The term mezzala, in contemporary Italian, indicates a position in a three-man midfield. Thus, in a 4-3-3, the central spot in the midfield will usually be occupied by a playmaker (regista), flanked by two mezzale. If the simplicity of the definition feels anti-climactic, that's because it should: a mezzala is simply any midfielder playing on one of the two sides in a three-man midfield. It may alternatively be used to describe any central midfielder whose role is not specialised (someone flanking the playmaker in a four-man midfield, for instance).
The confusion in English-speaking circles stems from the fact that this descriptor for a position is frequently used as though it indicated a role. Thus, claiming that a mezzala can also be a mediano (or even a slightly decentered regista) is presented as a contradiction. The 'real' experts of Italian football, apparently, would never confuse these two terms so grossly.
But in truth, in the same way that a fantasista can also be a 'punta' (striker), and a trequartista can also be a box-to-box midfielder, likewise the term mezzala accommodates a variety of roles. In fact, as a position covering the whole range from central midfield to either of the wings, it is among the most flexible terms in the game, and it includes a very wide array of footballer-types, both offensive and defensive, both gritty and creative.
If someone wants to use the word mezzala to indicate something more specific in relation to a particular team or tactic, that's fine. Modern football is a sophisticated game, and a sophisticated language is sometimes necessary to describe it. What really doesn't work is using that word (or any other word) to validate alleged expertise, which is unfortunately what it is often employed for. This is only a form of presumption.
The trend we are seeing at work with the term mezzala is not a special case but a constant of football discourse, which is why the cautionary conclusion to this article is necessary. I mentioned other Italian terms that, at several points in time, became fashionable as the markers of a fictional football aristocracy. It is appropriate to close this article with the only one of these words that never falls out of fashion, that being catenaccio.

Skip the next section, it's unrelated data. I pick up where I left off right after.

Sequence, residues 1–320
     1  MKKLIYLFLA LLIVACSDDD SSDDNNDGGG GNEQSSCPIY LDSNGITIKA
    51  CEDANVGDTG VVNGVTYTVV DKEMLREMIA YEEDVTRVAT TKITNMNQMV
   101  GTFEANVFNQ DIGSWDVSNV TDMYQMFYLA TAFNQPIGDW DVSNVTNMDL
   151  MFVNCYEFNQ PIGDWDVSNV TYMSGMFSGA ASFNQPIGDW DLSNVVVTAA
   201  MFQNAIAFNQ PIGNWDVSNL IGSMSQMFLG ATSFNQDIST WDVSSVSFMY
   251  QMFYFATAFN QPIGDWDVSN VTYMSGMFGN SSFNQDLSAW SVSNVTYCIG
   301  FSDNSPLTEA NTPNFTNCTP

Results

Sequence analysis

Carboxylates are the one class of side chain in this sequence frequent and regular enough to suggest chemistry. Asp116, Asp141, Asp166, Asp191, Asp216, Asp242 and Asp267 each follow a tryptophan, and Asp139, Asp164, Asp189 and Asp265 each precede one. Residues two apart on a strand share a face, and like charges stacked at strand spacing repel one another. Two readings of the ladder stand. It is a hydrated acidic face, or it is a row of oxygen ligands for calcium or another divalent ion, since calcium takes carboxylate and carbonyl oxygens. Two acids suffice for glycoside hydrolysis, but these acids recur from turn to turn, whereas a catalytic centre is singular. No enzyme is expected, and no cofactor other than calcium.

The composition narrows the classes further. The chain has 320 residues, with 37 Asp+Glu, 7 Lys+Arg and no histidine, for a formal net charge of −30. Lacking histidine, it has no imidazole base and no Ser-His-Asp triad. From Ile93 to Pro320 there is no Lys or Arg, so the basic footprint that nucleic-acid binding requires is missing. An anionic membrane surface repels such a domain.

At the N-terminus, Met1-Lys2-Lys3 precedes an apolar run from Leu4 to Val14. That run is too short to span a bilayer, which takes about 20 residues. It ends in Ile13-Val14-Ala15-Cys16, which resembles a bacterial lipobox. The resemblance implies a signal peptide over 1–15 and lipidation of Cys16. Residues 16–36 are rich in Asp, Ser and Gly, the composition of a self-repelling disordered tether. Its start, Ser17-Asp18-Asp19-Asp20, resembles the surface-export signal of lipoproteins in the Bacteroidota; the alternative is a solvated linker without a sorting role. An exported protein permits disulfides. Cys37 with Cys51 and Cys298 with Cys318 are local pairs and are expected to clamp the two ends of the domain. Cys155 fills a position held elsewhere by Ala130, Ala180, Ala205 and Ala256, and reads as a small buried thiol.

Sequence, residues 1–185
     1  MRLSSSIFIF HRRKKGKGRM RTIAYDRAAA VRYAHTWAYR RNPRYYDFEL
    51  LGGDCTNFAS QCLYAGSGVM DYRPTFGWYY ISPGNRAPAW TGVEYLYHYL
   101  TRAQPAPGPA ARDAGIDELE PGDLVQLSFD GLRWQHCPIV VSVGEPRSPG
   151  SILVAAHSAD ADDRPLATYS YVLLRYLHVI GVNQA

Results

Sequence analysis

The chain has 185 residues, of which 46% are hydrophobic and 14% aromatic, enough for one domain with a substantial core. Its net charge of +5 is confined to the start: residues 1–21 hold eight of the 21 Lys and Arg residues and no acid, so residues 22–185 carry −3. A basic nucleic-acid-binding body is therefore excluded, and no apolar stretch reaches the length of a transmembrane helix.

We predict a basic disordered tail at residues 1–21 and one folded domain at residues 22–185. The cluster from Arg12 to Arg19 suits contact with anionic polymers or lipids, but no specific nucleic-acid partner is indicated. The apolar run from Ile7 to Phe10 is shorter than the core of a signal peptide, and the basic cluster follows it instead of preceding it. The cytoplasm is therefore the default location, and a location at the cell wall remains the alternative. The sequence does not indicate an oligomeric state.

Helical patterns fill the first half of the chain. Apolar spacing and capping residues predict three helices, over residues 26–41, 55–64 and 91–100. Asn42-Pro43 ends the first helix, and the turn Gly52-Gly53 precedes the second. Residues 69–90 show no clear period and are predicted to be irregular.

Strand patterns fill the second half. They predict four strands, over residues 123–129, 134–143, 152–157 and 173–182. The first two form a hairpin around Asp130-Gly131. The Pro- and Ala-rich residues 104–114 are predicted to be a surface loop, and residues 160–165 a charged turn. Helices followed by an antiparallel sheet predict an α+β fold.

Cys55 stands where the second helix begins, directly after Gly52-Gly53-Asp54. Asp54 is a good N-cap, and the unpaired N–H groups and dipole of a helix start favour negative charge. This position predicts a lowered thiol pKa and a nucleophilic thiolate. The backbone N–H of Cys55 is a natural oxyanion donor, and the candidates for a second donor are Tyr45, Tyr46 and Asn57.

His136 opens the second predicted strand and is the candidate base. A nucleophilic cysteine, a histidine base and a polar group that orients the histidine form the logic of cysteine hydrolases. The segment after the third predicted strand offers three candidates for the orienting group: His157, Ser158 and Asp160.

Very succinctly, the word catenaccio refers to a particular tactical system developed in Italy during the 1950s and 60s. In common parlance, both in Italy and abroad, the term is also synonymous with 'parking the bus', or defensive football of a particularly stale nature.
Periodically I come across someone in a football debate using the latter, more casual definition of catenaccio, only for someone else to perk up and claim that the real meaning of catenaccio is in fact a lot more complex, historically specific and subtle, and clearly the other person has no understanding of Italian football if s/he does not know such a basic distinction. But in reality, both definitions are completely acceptable, and using or even occasionally confusing one with the other is no indicator of anyone's level of understanding of Italian football.
Employing specialised/specialistic definitions of a word and then silencing other speakers for using a simpler, more common definition (as opposed to engaging with their actual arguments) is a rhetorical trick as old as the hills, and it is certainly not limited to football. You may witness instances of it almost any time you listen to a political debate.
A broader discussion of this fallacy goes beyond the scope of this article, but within our little circle of sports fans, you should keep an eye open for people explaining the term mezzala for you (or whatever next becomes fashionable: regista, seconda punta, fluidificante...). If you notice that their definition becomes particularly complex or convoluted, and if they attempt to dismiss your arguments on the grounds of you not being familiar with their specific definition, then the person you're dealing with is not an expert, only a charlatan.